Emergency Phone Numbers24-hr Crisis Lines: 855.278.4204 (Santa Clara) | 650.579.0350 (San Mateo) | 415.781.0500 (San Francisco) | 800.273.8255 or Text BAY to 741-741 (National)

CHC Honored with the 2019 Stanford Partnership Award

Read more

Children's Health Council

Study Reports PG-13 Movies Show More Gun Violence Than R-Rated Films

firearm

January 19, 2017, News

The most popular PG-13 movies now depict more acts of gun violence than R-rated films, a new look at the U.S. motion picture landscape reveals.

This new analysis updates an earlier 2012 investigation, which found that gun violence in the nation’s top-grossing PG-13 films more than doubled between 1985 and 2012. By then, gun violence had begun to exceed that found in R-rated films.

Since 2012, the prevalence of gun violence in PG-13 movies — albeit less bloody and more cartoon-like than R-rated movies — held steady through 2015.

Daniel Romer, research director at the University of Pennsylvania’s Annenberg Public Policy Center and his colleagues focused on a sample of PG-13 and R movies chosen from among the top 30 box-office performers each year between 1985 and 2015.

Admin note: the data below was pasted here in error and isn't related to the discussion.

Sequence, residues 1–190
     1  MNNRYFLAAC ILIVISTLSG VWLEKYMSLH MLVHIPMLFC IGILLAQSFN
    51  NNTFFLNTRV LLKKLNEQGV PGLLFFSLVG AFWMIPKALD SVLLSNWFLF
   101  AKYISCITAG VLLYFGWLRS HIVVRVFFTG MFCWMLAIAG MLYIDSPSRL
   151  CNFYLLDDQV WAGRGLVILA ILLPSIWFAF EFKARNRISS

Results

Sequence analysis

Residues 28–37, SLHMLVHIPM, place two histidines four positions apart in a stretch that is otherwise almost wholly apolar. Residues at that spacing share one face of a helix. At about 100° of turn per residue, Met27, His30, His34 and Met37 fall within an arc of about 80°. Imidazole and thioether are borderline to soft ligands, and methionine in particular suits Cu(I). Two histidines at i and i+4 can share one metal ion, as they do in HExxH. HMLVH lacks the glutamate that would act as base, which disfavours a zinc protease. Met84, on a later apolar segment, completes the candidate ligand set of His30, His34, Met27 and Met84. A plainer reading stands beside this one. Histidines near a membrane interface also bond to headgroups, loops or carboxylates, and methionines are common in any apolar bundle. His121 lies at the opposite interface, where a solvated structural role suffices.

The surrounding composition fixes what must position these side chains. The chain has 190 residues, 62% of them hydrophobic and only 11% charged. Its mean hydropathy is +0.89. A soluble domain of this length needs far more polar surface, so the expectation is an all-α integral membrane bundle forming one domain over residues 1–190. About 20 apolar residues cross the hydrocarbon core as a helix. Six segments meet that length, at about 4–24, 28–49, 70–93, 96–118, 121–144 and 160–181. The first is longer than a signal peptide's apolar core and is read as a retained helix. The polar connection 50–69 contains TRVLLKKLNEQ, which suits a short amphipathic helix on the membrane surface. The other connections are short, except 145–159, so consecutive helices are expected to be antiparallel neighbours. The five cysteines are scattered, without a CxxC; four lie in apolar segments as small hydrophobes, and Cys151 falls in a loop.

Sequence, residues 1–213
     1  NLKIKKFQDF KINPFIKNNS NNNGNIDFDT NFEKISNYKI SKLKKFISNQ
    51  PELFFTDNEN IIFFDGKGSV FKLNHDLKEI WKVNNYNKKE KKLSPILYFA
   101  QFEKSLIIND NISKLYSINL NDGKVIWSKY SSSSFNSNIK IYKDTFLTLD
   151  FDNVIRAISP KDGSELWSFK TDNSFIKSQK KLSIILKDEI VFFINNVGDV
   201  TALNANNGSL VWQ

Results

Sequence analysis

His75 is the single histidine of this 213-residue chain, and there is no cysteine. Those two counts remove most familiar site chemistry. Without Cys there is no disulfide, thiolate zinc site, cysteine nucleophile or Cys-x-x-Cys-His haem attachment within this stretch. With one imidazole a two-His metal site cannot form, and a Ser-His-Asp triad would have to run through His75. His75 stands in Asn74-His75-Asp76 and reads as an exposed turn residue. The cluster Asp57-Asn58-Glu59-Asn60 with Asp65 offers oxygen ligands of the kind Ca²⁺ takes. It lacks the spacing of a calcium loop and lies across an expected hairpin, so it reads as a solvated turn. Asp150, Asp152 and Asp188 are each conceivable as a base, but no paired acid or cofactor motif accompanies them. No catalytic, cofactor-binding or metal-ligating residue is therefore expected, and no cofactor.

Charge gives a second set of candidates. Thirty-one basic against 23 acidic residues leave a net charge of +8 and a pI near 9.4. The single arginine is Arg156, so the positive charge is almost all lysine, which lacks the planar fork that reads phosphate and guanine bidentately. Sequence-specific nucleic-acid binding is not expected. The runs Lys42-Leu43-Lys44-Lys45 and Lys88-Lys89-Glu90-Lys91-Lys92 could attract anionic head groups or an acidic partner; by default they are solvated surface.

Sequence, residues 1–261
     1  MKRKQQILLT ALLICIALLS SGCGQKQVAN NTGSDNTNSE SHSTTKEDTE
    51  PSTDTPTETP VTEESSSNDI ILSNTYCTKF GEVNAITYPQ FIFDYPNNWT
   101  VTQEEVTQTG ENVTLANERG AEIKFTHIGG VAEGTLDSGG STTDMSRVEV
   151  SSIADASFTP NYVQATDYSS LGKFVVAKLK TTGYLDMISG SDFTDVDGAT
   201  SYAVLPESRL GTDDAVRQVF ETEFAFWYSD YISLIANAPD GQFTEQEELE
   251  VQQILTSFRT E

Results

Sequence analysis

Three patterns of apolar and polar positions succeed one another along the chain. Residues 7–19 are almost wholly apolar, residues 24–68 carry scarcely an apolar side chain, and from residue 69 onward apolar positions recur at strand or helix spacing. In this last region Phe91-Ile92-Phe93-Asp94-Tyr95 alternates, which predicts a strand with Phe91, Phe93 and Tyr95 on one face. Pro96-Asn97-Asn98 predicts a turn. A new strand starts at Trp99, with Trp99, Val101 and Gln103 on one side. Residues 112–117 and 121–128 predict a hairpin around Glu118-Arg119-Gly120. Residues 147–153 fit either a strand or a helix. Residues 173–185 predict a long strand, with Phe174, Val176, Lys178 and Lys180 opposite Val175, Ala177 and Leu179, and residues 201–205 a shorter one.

The researchers divided each film into five-minute segments. Then they coded each segment to see if it included an instance in which one character fired a gun, striking another.

The researchers concluded that gun violence is now more prevalent in PG-13 films than in R films. But they also noted a difference: Gun violence in PG-13 films is more often driven by comic book characters and tends to depict fewer consequences, meaning less blood and suffering.

The researchers said more study is needed to determine if repeated exposure to gun violence—bloodless or otherwise— has a lasting impact on child behavior.

Romer said, “Given that these PG-13 movies with heavy doses of violence are very popular, it is difficult to see the industry changing its rules,” he said. He added that “the MPAA would have to change its rating system to move these gun-violent movies into the R category, and it is unlikely they will do it without direct evidence that these films are having a negative influence on young people.”

Read the feature article here on the MedLine Plus website. The study findings are available on the American Academy of Pediatrics website here.

Tagged with: ,
Posted in News